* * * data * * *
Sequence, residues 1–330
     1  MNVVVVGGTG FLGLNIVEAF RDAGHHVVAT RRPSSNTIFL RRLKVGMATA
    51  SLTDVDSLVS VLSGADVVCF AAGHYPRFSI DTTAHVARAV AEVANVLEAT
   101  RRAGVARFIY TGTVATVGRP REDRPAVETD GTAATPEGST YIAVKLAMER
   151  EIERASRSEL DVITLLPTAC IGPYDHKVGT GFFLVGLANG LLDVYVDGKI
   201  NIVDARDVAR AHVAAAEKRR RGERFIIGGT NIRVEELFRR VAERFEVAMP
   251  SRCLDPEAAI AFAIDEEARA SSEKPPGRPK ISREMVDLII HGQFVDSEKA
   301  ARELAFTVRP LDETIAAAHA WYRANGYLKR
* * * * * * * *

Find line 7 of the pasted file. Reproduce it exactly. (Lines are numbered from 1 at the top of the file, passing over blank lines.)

   251  SRCLDPEAAI AFAIDEEARA SSEKPPGRPK ISREMVDLII HGQFVDSEKA